A Homam is a ritual where offerings are made into a sacred fire. The root word of the Homam is ‘ha’ which means ‘offering’ or ‘sacrifice’ in Sanskrit. In northern regions of India it is called havan and in southern India it is called homam, but the meaning and the procedure is same everywhere. Homam is performed in almost every significant event or ceremony of a Hindu household life. It is an important religious and spiritual practice among Hindus. There are different kinds of homam depending on the purpose and the presiding deity of the homam.
Agnidev or fire god. Then herbs, twigs, fruits, grains and ghee are offered into fire chanting the appropriate mantras. The smoke that comes out of the fire is spread far and wide. This purifies the atmosphere. At the end everyone circumambulate the fire and offer obeisance. The dust of burnt ashes is applied on the forehead. Now-a-days homam is not seen just as some ritual. It is seen in scientific perspective. In science of consciousness homam are seen as powerful tools to tune the consciousness of the performer to Supreme consciousness. In the presence of fire the energy fields of one’s body called kundalini are enlightened and nourished.
Yagam is called Yagnam. In Hinduism, Yagya is a ritual of sacrifice derived from the practice of Vedic times. It is performed to please the gods or to attain certain wishes. An essential element is the sacrificial fire - the divine Agni - into which oblations are poured, as everything that is offered into the fire is believed to reach the gods. As the name of the service, the term yagya is linguistically cognate with Zoroastrian (Ahura) Yasna. Unlike Vedic Yajna, Zoroastrian Yasna has "to do with water rather than fire" (Drower, 1944:78; Boyce, 1975:147-191).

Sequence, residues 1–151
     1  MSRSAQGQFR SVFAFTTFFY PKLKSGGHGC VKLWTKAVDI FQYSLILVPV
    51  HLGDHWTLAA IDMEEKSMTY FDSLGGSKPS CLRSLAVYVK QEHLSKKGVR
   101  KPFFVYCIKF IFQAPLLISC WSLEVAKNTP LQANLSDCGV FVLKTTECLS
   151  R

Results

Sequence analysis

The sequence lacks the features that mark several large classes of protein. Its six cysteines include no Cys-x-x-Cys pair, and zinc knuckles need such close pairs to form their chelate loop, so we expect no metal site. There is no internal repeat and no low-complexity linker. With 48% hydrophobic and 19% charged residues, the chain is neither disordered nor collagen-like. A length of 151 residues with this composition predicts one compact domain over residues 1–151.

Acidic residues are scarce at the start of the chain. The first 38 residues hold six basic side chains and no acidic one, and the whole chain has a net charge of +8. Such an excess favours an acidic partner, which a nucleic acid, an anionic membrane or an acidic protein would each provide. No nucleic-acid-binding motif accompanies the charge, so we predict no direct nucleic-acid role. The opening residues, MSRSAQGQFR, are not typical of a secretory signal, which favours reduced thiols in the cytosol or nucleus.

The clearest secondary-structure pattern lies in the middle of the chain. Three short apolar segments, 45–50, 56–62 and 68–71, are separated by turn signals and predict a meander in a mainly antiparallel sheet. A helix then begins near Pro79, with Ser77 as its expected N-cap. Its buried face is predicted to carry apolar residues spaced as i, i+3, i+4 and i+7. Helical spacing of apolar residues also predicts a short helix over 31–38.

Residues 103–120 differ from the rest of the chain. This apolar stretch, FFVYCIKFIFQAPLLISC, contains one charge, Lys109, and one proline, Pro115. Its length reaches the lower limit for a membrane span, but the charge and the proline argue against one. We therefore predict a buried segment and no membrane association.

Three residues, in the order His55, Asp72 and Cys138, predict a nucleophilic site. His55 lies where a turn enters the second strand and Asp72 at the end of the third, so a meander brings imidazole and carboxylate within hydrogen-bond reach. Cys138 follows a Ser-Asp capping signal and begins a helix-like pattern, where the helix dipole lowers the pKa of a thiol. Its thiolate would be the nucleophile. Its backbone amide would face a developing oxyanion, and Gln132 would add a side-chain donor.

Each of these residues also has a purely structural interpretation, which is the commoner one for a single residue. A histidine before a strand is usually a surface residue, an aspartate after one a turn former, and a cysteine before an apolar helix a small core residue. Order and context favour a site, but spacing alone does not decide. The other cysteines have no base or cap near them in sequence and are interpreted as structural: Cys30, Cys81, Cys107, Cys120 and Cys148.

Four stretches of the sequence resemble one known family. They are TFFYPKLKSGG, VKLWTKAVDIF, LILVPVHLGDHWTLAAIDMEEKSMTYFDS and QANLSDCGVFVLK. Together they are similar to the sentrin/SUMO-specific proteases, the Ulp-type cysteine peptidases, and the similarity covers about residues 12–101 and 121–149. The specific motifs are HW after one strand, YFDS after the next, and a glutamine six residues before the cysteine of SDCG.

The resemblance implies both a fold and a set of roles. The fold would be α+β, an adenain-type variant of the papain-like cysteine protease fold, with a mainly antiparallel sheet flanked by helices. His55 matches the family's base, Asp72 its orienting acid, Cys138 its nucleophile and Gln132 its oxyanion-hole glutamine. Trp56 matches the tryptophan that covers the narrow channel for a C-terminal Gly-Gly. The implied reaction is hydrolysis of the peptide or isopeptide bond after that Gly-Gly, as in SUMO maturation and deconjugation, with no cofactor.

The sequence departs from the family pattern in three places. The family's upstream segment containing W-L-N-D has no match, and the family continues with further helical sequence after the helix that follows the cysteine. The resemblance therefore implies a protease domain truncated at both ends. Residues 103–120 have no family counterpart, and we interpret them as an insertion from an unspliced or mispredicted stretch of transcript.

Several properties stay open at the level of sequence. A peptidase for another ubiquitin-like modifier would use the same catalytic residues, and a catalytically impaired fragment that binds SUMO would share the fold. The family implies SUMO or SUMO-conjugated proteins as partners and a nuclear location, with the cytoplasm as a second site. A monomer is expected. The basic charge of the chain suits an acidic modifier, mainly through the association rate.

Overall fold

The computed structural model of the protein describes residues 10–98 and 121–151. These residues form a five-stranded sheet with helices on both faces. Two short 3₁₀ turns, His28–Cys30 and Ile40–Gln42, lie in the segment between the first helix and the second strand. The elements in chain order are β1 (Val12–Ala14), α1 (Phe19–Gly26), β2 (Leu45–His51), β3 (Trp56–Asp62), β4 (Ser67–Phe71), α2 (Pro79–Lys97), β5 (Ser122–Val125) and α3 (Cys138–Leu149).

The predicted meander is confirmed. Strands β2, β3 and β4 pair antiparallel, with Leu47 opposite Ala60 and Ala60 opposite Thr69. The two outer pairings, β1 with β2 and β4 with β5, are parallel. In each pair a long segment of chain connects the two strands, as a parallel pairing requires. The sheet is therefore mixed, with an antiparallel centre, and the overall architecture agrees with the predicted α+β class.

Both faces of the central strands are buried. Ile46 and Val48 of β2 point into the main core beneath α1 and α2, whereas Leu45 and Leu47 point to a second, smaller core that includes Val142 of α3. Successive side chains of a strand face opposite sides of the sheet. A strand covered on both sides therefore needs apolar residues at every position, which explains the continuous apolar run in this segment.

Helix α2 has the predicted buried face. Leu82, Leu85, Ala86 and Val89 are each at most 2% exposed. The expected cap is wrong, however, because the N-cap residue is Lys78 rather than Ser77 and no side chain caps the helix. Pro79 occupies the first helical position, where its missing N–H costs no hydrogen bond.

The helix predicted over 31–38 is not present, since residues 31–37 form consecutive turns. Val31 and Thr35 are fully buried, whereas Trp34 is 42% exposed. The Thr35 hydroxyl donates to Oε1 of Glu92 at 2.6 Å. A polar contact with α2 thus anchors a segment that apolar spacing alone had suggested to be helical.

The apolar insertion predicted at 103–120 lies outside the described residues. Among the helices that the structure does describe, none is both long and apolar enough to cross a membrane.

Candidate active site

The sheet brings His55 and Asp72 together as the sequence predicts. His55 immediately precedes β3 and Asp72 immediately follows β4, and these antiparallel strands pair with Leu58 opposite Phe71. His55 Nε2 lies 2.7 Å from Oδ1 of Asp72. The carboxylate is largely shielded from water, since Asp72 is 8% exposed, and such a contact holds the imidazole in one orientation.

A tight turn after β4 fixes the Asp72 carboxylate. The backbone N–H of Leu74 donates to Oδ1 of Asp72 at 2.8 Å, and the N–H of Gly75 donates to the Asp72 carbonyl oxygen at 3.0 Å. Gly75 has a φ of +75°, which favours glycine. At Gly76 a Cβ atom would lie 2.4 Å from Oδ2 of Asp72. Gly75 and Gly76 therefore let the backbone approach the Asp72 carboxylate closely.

A typical Hindu marriage is a yagya, because Agni is supposed to be the witness of all marriages. Brahmins and certain other castes receive a yagyopavita "sacred cord" at their upanayana rite of passage. The yagyopavita symbolizes the right of the individual to study the Vedas and to carry out yagyas or homas.
There are 400 yagyas described in the Vedas. Of these, 21 are deemed compulsory for the Twice-Born (Dvijas: Brahmin, Ksatriya and Vaisya). They are also called nityakarmas. The rest of the yagyas are optional, which are performed kamyakarma (for particular wishes and benefits). The Aupasana is not part of the above list, but is also compulsory .Out of the 21 nityakarmas, only the Agnihotra and the Aupasana are to be performed twice daily, at dawn and dusk. The remaining ones have certain allotted frequencies over the course of the year. The more complicated the yagya, the less frequently it is performed.
The most complex ones need to be performed only once in a lifetime. The first seven yagyas are called pākayagyas "cooked sacrifice", the second seven haviryagyas "oblation, burnt offering", and the third seven are called somayagyas "Soma sacrifice".Seven are paka Yajñas (aṣtaka, sthālipāka, parvana, srāvaṇi, āgrahayani, caitri and āsvīyuji). They involve consecrating cooked items.
Seven are Soma Yajñas (agnistoma, atyagnistoma, uktya, shodasi, vājapeya, atirātra and aptoryama). The yāgā that involves the extraction, utility and consumption of Soma (in the general sense nectar, but extract of a particular tree specifically) is called a Soma Yajña. Others are usually referred to as haviryañnas.Seven are Havir Yajñas (agniyādhāna, agni hotra, Darśa-Pūrṇamāsa, āgrayana, cāturmāsya, niruudha paśu bandha, sautrāmaṇi). They involve offering havis.
Five are the panca mahā Yajñās.Four are Vedavratas, which are done during Vedic education.
Remaining sixteen are one-time samskāras that are done at different stages in life. They are garbhādhānā, pumsavana, sīmanta,jātakarma,nāmakaraṇa,annaprāśana... upanayana,keshanta, snātaka and vivāha,nisheka,antyeshti.
These are specified by the gṛhya sūtrās.Some gṛhya sūtrās like Vaikhanasa prescribe 2 more samskaras like Vishnu bali and Pravasagamana/Pindavardhana.
Yagyas such as Putrakameshti (for begetting sons), Ashvamedha (to rule), Rajasuya (royal consecration) etc. are among the 400 which are not compulsory.
· 7 years ago